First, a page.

Although I have never owned a Labrador Retriever, many of my friends and family have Labs. So, I am very familiar with this very popular breed. These gentle dogs may be the best family pet you will ever have.
If you want a family dog that is sweet, affectionate, friendly, and seldom aggressive toward other dogs or people, you have no better choice than the trusty Labrador Retriever. There is a reason the Lab is the most popular purebred dog breed in the United States and Canada. Around the world, the Lab is consistently at the very top of the most popular dog breeds.
The Labrador Retriever, Labrador, or Lab, is a medium-large breed weighing between 65 to 80 pounds. They do like to eat, however, and they can become obese without proper exercise. This may be their (and mine, especially that exercise part) main health problem.
The Lab has a thick coat of short water-resistant hair that it sheds throughout the year. They come in three colors, black, chocolate, and yellow. Some Labs will also have white markings. According to The Labrador Retriever Club, some people are trying to sell “silver” Labrador puppies as purebred dogs. The quote on their website is:
It is the opinion of the Labrador Retriever Club, Inc., the American Kennel Club Parent Club for the breed, that a “silver” Labrador is not a purebred Labrador retriever. The pet-owning public is being duped into believing that animals with this dilute coat color are desirable, purebred, and rare and, therefore, warrant special notoriety or a premium purchase price.
Grooming a Lab requires only an occasional bath and trimming its nails. Grooming doesn’t get much easier than that for any dog.
Labrador Retrievers are relatively healthy dogs and live about 10 to 12 years on average. They are large-chested dogs, which can make them possible victims of bloat (gastric dilatation volvulus). There are a few genetic problems that Labs should be screened for, including elbow and hip dysplasia, heart disorders, muscle weakness, and eye problems.
Perhaps their greatest health risk is the tendency to become overweight. They like to eat, and they never pass up a good meal. As we all know, the more you eat, the more you must exercise. Otherwise, big bellies, hips, and thighs.
The short, best answer is no. The Labrador Retriever is so friendly that it may be the least effective guard dog you will ever own. It may occasionally bark at strange or unusual noises so that it can be a watchdog of sorts. However, there are always exceptions, so once in a while, you may encounter a Lab that behaves badly.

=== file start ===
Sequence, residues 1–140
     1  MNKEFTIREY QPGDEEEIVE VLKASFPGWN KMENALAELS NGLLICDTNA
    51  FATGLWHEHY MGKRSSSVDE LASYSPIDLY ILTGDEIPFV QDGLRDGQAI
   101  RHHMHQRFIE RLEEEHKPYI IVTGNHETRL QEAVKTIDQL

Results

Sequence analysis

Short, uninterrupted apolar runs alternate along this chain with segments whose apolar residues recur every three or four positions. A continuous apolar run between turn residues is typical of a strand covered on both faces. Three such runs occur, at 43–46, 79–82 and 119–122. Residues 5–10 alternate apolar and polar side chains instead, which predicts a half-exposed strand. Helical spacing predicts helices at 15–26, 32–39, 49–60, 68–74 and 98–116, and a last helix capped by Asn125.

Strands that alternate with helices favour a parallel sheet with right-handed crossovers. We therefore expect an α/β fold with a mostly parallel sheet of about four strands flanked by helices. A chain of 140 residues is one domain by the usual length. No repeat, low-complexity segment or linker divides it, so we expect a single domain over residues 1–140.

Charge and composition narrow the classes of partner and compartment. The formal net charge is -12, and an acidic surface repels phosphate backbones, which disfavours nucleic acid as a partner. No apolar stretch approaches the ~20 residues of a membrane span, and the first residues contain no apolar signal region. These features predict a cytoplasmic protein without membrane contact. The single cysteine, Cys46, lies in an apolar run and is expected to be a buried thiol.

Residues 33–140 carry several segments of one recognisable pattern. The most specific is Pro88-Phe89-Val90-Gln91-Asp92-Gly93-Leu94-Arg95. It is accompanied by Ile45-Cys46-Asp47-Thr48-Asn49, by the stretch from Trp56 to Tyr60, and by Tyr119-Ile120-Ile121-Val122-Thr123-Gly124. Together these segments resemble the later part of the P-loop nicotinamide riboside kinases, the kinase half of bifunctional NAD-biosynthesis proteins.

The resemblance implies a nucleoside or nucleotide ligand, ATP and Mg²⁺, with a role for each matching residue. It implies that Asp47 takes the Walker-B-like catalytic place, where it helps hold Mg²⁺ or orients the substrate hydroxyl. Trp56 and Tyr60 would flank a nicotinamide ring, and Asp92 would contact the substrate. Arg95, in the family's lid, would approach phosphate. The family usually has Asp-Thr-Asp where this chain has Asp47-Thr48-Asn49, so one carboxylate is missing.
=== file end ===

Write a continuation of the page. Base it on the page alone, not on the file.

A Lab is so friendly it may follow a stranger just to say hello. Make sure you have proper identification on your Labs collar in case it wanders off and can’t find its way back home.
The American Kennel Club (AKC) lists the Labrador Retriever as part of the sporting group. They are capable of many jobs besides hunting. They have a keen sense of smell and do well in detection and tracking. They are intelligent and easily trained to work with the disabled and as therapy dogs. Over half of all guide dogs in Canada are Labrador Retrievers.
Despite its name, the Labrador Retriever originated in Newfoundland. Newfoundland and Labrador make up the most easterly province of Canada. For the benefit of Yankees, Newfoundland is the island part of the province.
The Labs were great dogs for Newfoundland’s fisherman because they would jump into the icy cold waters to retrieve fish that came unhooked. That may have been great fun for the dogs, but I’m guessing today Labrador Retrievers are happy they don’t have to do that job anymore. Curling up beside a nice warm fire with their human companions will be just fine for them. That’s not saying they are lazy dogs. They also enjoy vigorous activities, including hunting, running, and playing.
Today’s Labrador Retriever breed is a descendant of the early Newfoundland water dogs. In the United Kingdom, breeders crossbred the Labs with hunting dogs and developed an all-around retriever and gun dog and retriever. So Labs no longer have to jump into icy water, although it seems they still like to.
Labs have been the pets of many famous people. Just to name a few:
- President Bill Clinton’s Labradors Buddy and Seamus.
- Russian President Vladimir Putin’s Labrador ‘Konni’.
- Vice President Dick Cheney – Jackson (Yellow Labrador) & Dave (Black Labrador)
- Minnie Driver – Bubba (Black Labrador)
- Sarah McLachlan – Rex (Black Labrador)
- Kevin Costner – Yellow Labrador
- Gwyneth Paltrow – Holden (Black Labrador)
- Steve Martin – Roger (Yellow Labrador)
- Anne Hathaway – Esmerelda (Chocolate Labrador)
- Prince Charles – Harvey (Yellow Labrador)
- and many, many more…
- Old Yeller (1957)
- Marley and Me (2008)
- Far from Home: The Adventures of Yellow Dog (1995)
- Police Dog Dream (2010)
- The Incredible Journey (1963)
“Old Yeller” may be the most famous and saddest of all dog movies. It was based on a novel of the same name by Fred Gipson. In the book, Old Yeller was a stray cur dog. In the movie, the actor dog was a Mastiff and Labrador Retriever mix named “Spike (dog).”
|Breed||Height (inches)||Weight (Pounds)||Life Expectancy (Years)||Popularity (AKC)||Origin|
|Nova Scotia Duck |
|Chesapeake Bay Retriever||21-26||55-80||10-13||45||United States|
|Golden Retriever||21-24||55-75||10-12||3||Scotland, United Kingdom|
|Curly-Coated Retriever||23-27||60-95||10-12||162||United Kingdom|
|Flat-Coated Retriever||22-25||60-70||8-10||91||United Kingdom|